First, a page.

Posts Tagged ‘binary package’

How to set repository to install binary packages on amd64 FreeBSD 9.1

Friday, January 11th, 2013

Reading Time: < 1minute

Though, it is always good idea to build from source for better performance of Apache + MySQL + PHP, its not worthy the time on installing minor things like; trafshow, tcpdump or deco (MC – midnight commander like native freebsd BSD program).

If you're on a 64 bit version of FreeBSD ( amd64) 9.1 and you try to install a binary package with;

freebsd# pkg_add -vr vim

Ending up with an error;

Error: Unable to get ftp://ftp.freebsd.org/pub/FreeBSD/ports/amd64/packages-9.1-release/Latest/vim.tbz: File unavailable (e.g., file not found, no access)
pkg_add: unable to fetch 'ftp://ftp.freebsd.org/pub/FreeBSD/ports/amd64/packages-9.1-release/Latest/vim.tbz' by URL
pkg_add: 1 package addition(s) failed

The error is caused by lack of special packages-9.1-release directory existing on FreeBSD.org servers. I've realized this after doing a quick manual check opening ftp://ftp.freebsd.org/pub/FreeBSD/ports/amd64. The existing URL containing working fbsd 9.1 binaries is:

ftp://ftp.freebsd.org/pub/FreeBSD/ports/amd64/packages-9-current/Latest/
h

You will have toset a repository for FreeBSD 9.1 amd64 packages manually with cmd:
freebsd# echo $SHELL
/bin/csh
freebsd# setenv PACKAGESITE ftp://ftp.freebsd.org/pub/FreeBSD/ports/amd64/packages-9-current/Latest/

If you're on bash shell use export instead:

freebsd# export PACKAGESITE="ftp://ftp.freebsd.org/pub/FreeBSD/ports/amd64/packages-9-current/Latest/"

To make ftp://ftp.freebsd.org/pub/FreeBSD/ports/amd64/packages-9-current/Latest/ as a permanent binary repository:

echo 'setenv PACKAGESITE ftp://ftp.freebsd.org/pub/FreeBSD/ports/amd64/packages-9-current/Latest/' >> /root/.cshrc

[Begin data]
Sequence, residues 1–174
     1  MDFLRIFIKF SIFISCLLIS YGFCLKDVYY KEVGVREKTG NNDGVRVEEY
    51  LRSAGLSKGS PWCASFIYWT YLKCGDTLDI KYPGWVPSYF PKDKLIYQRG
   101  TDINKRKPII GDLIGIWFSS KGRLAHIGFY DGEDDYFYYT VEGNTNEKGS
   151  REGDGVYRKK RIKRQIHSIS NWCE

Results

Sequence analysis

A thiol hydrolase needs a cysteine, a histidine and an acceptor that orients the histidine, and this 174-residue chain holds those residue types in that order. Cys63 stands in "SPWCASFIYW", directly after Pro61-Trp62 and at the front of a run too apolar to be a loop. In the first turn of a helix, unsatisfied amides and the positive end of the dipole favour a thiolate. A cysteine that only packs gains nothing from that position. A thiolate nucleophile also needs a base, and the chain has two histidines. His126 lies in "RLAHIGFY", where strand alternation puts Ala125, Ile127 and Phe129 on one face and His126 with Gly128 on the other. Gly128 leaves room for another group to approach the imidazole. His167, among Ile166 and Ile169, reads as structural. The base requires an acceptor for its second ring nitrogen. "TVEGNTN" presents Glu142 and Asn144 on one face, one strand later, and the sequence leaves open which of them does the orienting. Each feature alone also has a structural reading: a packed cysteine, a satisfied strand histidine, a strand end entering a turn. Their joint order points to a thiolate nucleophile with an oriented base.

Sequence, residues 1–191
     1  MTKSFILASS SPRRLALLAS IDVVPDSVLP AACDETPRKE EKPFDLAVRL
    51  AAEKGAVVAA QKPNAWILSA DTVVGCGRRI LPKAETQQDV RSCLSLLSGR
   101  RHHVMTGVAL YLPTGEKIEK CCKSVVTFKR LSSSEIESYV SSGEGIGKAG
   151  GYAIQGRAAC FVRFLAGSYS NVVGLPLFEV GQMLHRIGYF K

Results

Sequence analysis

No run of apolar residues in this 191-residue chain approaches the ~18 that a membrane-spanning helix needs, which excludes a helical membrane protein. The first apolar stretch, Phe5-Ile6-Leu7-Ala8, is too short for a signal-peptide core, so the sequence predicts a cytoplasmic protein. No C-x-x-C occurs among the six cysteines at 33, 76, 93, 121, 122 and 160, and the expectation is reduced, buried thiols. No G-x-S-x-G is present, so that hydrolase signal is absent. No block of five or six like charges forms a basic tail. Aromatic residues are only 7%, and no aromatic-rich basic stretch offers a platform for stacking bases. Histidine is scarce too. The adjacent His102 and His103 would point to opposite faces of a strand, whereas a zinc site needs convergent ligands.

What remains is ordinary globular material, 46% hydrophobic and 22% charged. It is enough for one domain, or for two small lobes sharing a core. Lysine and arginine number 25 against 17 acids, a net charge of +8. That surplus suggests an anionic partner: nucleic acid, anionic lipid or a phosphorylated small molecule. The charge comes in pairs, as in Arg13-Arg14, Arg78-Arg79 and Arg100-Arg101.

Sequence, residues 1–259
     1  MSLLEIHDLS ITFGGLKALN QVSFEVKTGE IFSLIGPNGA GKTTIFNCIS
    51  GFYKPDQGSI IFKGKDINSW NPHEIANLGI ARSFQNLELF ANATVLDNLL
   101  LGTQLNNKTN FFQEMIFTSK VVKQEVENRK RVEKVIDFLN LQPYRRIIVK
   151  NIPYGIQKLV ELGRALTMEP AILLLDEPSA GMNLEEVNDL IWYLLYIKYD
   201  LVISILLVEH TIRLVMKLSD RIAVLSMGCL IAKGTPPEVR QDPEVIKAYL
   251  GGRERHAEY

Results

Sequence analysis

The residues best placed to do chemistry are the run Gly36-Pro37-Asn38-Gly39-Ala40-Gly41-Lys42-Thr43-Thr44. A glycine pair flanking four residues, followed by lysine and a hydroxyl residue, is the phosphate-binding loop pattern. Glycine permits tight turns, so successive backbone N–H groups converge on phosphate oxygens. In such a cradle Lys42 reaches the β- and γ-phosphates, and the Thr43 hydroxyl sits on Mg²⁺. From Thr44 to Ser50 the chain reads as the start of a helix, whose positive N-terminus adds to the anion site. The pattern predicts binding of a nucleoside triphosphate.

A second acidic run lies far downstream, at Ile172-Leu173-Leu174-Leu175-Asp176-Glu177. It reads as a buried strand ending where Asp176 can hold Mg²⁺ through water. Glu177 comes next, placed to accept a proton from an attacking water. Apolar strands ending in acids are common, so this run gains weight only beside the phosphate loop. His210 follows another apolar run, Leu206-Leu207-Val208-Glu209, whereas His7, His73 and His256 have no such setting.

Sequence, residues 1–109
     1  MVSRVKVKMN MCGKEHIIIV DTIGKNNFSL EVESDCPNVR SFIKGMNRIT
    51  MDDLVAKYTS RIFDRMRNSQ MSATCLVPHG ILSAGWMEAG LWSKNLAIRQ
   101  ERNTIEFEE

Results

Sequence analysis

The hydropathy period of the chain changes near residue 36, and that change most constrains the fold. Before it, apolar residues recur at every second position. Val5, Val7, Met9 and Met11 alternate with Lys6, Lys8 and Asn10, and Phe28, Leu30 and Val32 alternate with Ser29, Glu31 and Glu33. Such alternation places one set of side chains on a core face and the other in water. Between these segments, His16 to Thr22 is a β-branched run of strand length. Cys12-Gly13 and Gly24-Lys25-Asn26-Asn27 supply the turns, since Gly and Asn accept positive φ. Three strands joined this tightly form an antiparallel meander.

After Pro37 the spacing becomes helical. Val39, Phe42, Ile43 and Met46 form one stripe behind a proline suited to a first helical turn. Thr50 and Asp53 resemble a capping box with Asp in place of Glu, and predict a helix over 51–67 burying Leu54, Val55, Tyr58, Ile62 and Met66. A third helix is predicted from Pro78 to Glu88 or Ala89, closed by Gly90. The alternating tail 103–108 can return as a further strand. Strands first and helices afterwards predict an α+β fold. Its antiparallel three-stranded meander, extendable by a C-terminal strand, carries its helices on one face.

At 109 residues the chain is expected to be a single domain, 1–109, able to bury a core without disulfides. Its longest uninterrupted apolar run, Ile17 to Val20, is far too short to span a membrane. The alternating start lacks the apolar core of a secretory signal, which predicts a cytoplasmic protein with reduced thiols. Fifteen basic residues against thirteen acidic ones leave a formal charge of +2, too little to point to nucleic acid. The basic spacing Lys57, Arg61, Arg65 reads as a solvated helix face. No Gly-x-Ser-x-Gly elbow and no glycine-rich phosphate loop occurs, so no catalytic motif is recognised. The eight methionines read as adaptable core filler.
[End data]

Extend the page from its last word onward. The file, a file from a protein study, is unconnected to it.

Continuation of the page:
or

echo 'export PACKAGESITE="ftp://ftp.freebsd.org/pub/FreeBSD/ports/amd64/packages-9-current/Latest/"' >> /root/.bashrc

Now, pkg_add as much as you like 😉

How to make screenshots on Slackware Linux with XFCE graphical environment

Thursday, February 23rd, 2012

Reading Time: 2minutes

1. Install the slackware binary package xfce4-screenshooter.

For the latest Slackware Linux release which as of time of writting is 13.37 xfce4-screenshooter-1.7.9-i486-3sl.txz can be download from here

Install of xfce4-screenshooter-1.7.9-i486-3sl.txz is done with slackware's usual installpkg package manager command:

bash-4.1# /sbin/installpkg xfce4-screenshooter-1.7.9-i486-3sl.txz

By the way, I haven't used slackware for a long time so in the mean time since Slackware 13, the default slackware packages format .tgz is now substituted with the newer .txz (better compressed .txz). The old .tgz was simply a tar archive with DEFLATE gzip. The newer .txz packages bundled with newer slackware releases are using the LZMA2 (XZ) chain algorithm for compression. LZMA implies higher compression than even bzip2 and this is the reason why Patrick Volkerding – the one man army man behind Slackware decided to use it.
The reason Vollerding choose using .txz is slackware network distribution will load up less the networks and will take less time for downloading extra slackware packages via the internet. The .txz also reduces slackware main CD size so more packages can be contained in the same 700MB sized slack install CD.

Anyways now back to the installation of xfce-screenshooter.

Once installed to runit use the Xfce menus:

Xfce Menu -> Accesories -> Screenshot

Next you will see the xfce-screenshooter program to pop-up:

To take a snapshot of the screen use:

Entire Screen -> Save

XFCE screenshooter Slackware Linux take a screenshot dialog

XFCE screenshooter Slackware Linux action Save